Thursday, November 1, 2018

Sony A8F vs A9F vs A1E Review (XBR65A8F vs XBR65A9F; XBR55A8F vs XBR55A9F)

The Sony A8F vs A9F differences are in the image processor, quality of upscaling (and video processing in general), color saturation in HDR highlights, number of audio channels/actuator pairs, subwoofer placement, calibration options, Smart TV version, design. The Sony A8F vs A1E differences, on the other hand, are mainly due to the sound quality (only in the low-frequency range), design (which has an impact on how close you can mount the Sony A8F or A1E to a wall, as well as whether the TV sits straight up or at an angle when mounted on a table top surface).
Sony A8F vs A9F vs A1E Comparison Table (Differences Only)
A8F A9F A1E
Processor X1 Extreme X1 Ultimate X1 Extreme
The X1 Ultimate has an advantage in minimizing the chance for any processing artifacts to be created due to its ability to process video signals at ultra-high bit rates. Furthermore, the X1 Ultimate can fine-tune the video signal for the type of panel TV uses. The X1 Ultimate chip has one other advantage over the X1 Extreme, and it is related to upscaling.
A8F A9F A1E
Object-based Super Resolution No Yes No
Enhances the resolution individually for different objects. Although mainly standard or high definition sources benefit from this feature, certain improvement in the level of detail in individual objects can be observed with Full HD sources as well. That being said, the upscaling characteristics of the X1 Ultimate and X1 Extreme chips are not that different since both of them support Dual database processing, with one database containing image patterns dedicated to upscaling while the other is for removing compressed image noise.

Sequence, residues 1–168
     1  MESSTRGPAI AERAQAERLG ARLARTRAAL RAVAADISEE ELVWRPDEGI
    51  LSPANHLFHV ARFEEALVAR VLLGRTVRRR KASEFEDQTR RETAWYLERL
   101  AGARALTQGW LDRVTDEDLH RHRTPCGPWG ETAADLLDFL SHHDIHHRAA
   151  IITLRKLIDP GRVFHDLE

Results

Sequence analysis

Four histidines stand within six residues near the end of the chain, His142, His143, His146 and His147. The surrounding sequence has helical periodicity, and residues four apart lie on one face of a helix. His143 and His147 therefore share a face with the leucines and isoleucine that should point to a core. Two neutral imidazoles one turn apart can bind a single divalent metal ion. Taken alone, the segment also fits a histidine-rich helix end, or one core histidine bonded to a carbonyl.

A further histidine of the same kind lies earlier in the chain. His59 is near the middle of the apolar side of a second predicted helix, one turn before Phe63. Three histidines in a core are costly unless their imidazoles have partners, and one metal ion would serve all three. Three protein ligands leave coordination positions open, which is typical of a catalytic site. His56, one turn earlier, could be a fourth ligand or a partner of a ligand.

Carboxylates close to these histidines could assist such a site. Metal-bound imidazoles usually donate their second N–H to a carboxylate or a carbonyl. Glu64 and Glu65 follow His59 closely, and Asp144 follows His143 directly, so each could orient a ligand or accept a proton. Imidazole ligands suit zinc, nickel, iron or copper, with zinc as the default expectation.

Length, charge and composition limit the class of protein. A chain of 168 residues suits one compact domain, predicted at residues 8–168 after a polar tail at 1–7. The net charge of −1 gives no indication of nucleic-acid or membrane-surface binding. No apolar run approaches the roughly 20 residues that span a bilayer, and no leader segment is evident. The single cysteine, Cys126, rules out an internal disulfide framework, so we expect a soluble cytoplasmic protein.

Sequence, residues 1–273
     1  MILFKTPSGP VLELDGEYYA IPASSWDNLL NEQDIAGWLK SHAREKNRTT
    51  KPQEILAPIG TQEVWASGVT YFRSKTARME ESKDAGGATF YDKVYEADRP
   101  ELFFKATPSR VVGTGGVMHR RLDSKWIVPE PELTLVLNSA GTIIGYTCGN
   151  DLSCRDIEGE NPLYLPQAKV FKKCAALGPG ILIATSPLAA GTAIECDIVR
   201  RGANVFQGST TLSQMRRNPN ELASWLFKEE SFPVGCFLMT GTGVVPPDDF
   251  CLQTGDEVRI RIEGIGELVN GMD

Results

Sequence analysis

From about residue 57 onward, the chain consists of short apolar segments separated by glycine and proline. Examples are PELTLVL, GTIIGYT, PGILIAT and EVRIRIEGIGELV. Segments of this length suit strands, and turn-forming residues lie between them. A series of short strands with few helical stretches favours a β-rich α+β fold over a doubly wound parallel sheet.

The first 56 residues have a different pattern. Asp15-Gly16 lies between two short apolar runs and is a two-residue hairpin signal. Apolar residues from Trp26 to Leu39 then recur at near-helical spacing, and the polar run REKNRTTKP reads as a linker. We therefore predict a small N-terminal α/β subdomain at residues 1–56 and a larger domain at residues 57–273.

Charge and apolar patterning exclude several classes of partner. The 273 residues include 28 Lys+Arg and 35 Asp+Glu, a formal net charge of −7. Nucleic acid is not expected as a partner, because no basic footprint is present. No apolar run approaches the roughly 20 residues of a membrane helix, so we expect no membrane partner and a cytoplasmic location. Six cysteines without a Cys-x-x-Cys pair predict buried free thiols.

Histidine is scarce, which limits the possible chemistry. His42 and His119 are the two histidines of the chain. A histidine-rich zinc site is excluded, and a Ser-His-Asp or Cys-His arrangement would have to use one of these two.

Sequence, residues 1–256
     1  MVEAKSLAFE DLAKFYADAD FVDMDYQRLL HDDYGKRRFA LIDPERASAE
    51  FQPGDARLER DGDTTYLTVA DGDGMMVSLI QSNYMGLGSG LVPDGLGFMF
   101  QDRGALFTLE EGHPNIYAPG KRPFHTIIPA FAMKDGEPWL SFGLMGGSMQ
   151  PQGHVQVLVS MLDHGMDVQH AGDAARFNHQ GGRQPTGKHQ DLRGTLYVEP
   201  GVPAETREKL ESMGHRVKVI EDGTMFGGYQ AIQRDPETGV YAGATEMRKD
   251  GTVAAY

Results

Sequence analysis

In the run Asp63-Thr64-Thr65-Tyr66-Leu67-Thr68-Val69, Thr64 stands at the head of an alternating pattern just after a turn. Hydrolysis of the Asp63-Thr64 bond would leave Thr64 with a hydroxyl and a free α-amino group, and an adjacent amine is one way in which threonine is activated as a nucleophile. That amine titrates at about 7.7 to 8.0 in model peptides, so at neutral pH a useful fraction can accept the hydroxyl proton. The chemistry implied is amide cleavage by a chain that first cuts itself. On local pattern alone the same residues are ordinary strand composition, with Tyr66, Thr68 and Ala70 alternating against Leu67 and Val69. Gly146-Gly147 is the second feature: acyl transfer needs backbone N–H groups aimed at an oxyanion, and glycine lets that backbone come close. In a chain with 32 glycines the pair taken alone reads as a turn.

A8F A9F A1E
Pixel Contrast Booster No Yes No
Result of the different OLED panel controller used by the A9F vs either A8F or A1E rather than the different processor. The reason why such feature is needed is because OLED TVs tend to experience color saturation loss at high luminance levels due to their 4 sub-pixel structure, or more precisely: the white sub-pixel which adds spectrally broad light to the mix of otherwise relatively pure red, green, and blue, thus reducing the overall saturation in highlights. The Pixel Contrast Booster is intended to compensate for the sub-optimal color saturation at high luminance levels, so the dynamic range (at the high end of the brightness scale) is extended. Considering that SDR content is mastered for a peak white of only 100cd/m2, the advantage the Sony A9F has over either the Sony A8F or A1E in terms of saturating bright colors is limited to spectral highlights in HDR content.
A8F A9F A1E